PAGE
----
Proposed bill seeks to recoup costs of special elections

Denise Cross / flickr

Denise Cross / flickr

An assemblyman will soon introduce legislation aimed at curbing the cost to taxpayers when a legislator retires from their position early, forcing a special election — but it may stop short of recouping costs in other instances.

The bill would require legislators — like former Asm. Henry T. Perea, D-Fresno, who resigned last month to take a position lobbying for the pharmaceutical industry — to use some or all of their leftover campaign cash to mitigate the cost of a special election. The bill would also block using leftover funds to make donations to other legislators.

“If you trigger a special election, then you’ve got to save some campaign funds to pay down the cost of the special election,” Asm. Jim Patterson, R-Fresno, told CalWatchdog, adding that he may be “inclined” to expand language to include certain instances where ambitious politicians ditch their current positions for higher office or to escape term limits.

The Cost of Ambition

Rep. Mimi Walters, R-Irvine, left Orange County taxpayers with a nearly $2 million price tag when she vacated her state Senate seat immediately after being elected to Congress in the 2014 cycle. Had John Moorlach, R-Costa Mesa, not received more than 50 percent of the vote in the primary to win the seat outright, the cost would have doubled.

Patterson was not asked about the Walters example, but agreed with the principle of mitigating the cost to taxpayers in these instances as well. However, he said the specific cause of the vacancy should be considered and warned that a realistic approach to the bill was needed.

“I have to have some kind of caution in this if I hope to even get this much passed,” Patterson said. “If I reach to ambitious politicians and touch their freedom of decision making, even though I might think it’s the appropriate thing to do, I don’t want to build enemies for the bill.”

It’s worth noting that Patterson will run for a soon-to-be vacant state Senate seat in 2018, but will not run for re-election to his Assembly seat while doing so, according to the Fresno Bee.

Who Says Politicans Don’t Listen to Constituents?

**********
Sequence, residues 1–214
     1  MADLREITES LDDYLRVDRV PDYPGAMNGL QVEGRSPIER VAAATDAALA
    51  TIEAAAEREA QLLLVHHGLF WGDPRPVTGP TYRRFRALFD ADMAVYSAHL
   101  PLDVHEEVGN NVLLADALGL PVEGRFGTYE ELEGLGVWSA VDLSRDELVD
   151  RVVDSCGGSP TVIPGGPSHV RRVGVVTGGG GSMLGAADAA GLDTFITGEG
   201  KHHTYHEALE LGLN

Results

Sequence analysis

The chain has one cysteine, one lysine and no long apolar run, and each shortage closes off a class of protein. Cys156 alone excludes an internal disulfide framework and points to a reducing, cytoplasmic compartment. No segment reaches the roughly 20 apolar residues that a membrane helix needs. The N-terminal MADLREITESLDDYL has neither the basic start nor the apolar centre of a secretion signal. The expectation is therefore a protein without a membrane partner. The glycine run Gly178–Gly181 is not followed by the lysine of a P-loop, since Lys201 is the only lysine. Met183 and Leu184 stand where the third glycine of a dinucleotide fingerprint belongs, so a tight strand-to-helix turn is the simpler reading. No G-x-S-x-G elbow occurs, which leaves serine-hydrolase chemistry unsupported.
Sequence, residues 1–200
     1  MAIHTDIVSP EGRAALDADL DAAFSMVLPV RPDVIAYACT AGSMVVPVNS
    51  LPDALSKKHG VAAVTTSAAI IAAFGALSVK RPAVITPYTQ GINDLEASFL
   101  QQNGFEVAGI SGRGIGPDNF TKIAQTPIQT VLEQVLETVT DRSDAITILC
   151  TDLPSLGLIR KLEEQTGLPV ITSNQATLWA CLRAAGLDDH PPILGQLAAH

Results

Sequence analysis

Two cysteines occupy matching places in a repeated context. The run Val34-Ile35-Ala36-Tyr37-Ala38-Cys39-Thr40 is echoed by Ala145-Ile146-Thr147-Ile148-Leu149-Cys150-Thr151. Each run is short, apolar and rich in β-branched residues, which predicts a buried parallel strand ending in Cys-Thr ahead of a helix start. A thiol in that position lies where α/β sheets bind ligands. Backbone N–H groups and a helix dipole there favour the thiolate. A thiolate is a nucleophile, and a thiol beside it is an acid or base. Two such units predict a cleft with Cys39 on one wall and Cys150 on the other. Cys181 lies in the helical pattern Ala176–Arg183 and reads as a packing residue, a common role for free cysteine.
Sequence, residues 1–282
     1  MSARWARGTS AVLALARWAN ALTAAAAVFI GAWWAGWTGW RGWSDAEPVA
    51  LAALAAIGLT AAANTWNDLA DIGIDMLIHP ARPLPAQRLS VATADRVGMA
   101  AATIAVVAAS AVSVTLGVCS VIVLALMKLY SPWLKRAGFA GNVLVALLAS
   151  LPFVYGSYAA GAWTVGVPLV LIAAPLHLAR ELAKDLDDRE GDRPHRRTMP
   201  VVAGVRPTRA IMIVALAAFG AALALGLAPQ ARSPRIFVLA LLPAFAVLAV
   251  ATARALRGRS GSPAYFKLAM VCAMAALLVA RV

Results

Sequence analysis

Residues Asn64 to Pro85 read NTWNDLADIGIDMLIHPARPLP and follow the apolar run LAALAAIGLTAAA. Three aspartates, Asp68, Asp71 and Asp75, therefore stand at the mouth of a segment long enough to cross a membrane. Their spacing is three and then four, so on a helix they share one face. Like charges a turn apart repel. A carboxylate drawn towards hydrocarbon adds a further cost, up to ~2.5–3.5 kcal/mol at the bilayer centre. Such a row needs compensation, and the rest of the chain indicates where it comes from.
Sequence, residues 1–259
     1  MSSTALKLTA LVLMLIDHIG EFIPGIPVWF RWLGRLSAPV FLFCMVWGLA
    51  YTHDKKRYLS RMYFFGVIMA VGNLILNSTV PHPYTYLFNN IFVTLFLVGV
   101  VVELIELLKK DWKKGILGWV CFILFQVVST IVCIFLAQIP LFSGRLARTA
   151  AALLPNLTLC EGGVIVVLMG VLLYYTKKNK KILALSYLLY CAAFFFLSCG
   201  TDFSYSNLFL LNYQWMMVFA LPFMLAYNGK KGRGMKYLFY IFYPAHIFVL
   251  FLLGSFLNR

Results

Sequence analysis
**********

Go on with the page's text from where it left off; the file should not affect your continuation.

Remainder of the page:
The idea for the legislation, which was first reported by the Fresno Bee on Friday, came from a caller a few weeks ago while Patterson was a guest on a local radio program. The caller, who was reportedly one of around a half dozen on the special election to replace Perea, was upset that the county would be forced to pick up the check, which the Fresno Bee reported could be as much as $675,000.

“Voters are very tired of politicians who act in ways that just simply seem to be tone-deaf to common sense, and I think they’re tired of politicians costing them fundamental services,” Patterson said. “You’re going to take that right out of fundamental services for roads and safety and public works, public parks, and that should not be the case if you’re sitting on lots of cash from contributors.”

Perea left the Assembly with $863,000 in his campaign account, as of the most recent filing. Patterson argues that at least some of that money should be used for the special election and not to donate to other legislators.

Patterson referred to former state Sen. Michael Rubio, a Bakersfield Democrat, who stepped down from office in 2013 for a government affairs position with Chevron Corp. On his way out the door, Rubio made several contributions to other lawmakers, including $5,000 to Perea.

4 comments

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  1. Richard Rider
    Richard Rider 20 January, 2016, 08:45

    I think you meant “recoup” — not “recuperate.”

    Reply this comment
    • bob
      bob 20 January, 2016, 09:43

      The way this state is going we are all going to need a long period of recuperation!

      Reply this comment
  2. Richard Rider
    Richard Rider 20 January, 2016, 08:50

    A more effective way to cut taxpayer outlays for such special elections is to make them mail ballot only. Indeed, Oregon has held mail ballot only votes for ALL elections for over a decade, and it works well.

    I suspect the cost of such a special election done by mail would be less than a third of the conventional precinct voting, and save volunteers thousands of hours manning voting areas where VERY few voters actually vote (most already vote by mail in such elections anyway — perhaps 70%). It would also materially increase voter participation, as we found in San Diego when we held such mail ballot special elections.

    Reply this comment
  3. Rex the Wonder Dog!
    Rex the Wonder Dog! 20 January, 2016, 10:26

    “Voters are very tired of politicians who act in ways that just simply seem to be tone-deaf to common sense, and I think they’re tired of politicians costing them fundamental services,” Patterson said.
    Thank you for stating the obvious, and it will not change because $$$ rules politicians and the political process.

    Reply this comment

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